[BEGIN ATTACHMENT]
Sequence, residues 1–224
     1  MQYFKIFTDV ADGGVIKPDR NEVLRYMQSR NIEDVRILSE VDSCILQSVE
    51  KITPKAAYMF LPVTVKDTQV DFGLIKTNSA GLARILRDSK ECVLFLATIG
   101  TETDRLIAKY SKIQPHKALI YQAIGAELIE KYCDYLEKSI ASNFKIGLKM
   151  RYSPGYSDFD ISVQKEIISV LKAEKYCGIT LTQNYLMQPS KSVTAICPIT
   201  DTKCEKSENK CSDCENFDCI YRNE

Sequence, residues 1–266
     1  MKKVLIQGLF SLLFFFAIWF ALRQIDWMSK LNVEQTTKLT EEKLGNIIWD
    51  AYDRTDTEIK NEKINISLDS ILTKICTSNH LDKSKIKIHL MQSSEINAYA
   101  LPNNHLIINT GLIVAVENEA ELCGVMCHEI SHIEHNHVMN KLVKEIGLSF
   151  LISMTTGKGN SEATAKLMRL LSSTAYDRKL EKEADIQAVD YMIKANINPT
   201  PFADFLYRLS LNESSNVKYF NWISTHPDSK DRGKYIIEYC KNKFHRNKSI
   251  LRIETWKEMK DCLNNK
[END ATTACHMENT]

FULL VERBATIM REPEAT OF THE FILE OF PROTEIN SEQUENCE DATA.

Sequence, residues 1–224
     1  MQYFKIFTDV ADGGVIKPDR NEVLRYMQSR NIEDVRILSE VDSCILQSVE
    51  KITPKAAYMF LPVTVKDTQV DFGLIKTNSA GLARILRDSK ECVLFLATIG
   101  TETDRLIAKY SKIQPHKALI YQAIGAELIE KYCDYLEKSI ASNFKIGLKM
   151  RYSPGYSDFD ISVQKEIISV LKAEKYCGIT LTQNYLMQPS KSVTAICPIT
   201  DTKCEKSENK CSDCENFDCI YRNE

Sequence, residues 1–266
     1  MKKVLIQGLF SLLFFFAIWF ALRQIDWMSK LNVEQTTKLT EEKLGNIIWD
    51  AYDRTDTEIK NEKINISLDS ILTKICTSNH LDKSKIKIHL MQSSEINAYA
   101  LPNNHLIINT GLIVAVENEA ELCGVMCHEI SHIEHNHVMN KLVKEIGLSF
   151  LISMTTGKGN SEATAKLMRL LSSTAYDRKL EKEADIQAVD YMIKANINPT
   201  PFADFLYRLS LNESSNVKYF NWISTHPDSK DRGKYIIEYC KNKFHRNKSI
   251  LRIETWKEMK DCLNNK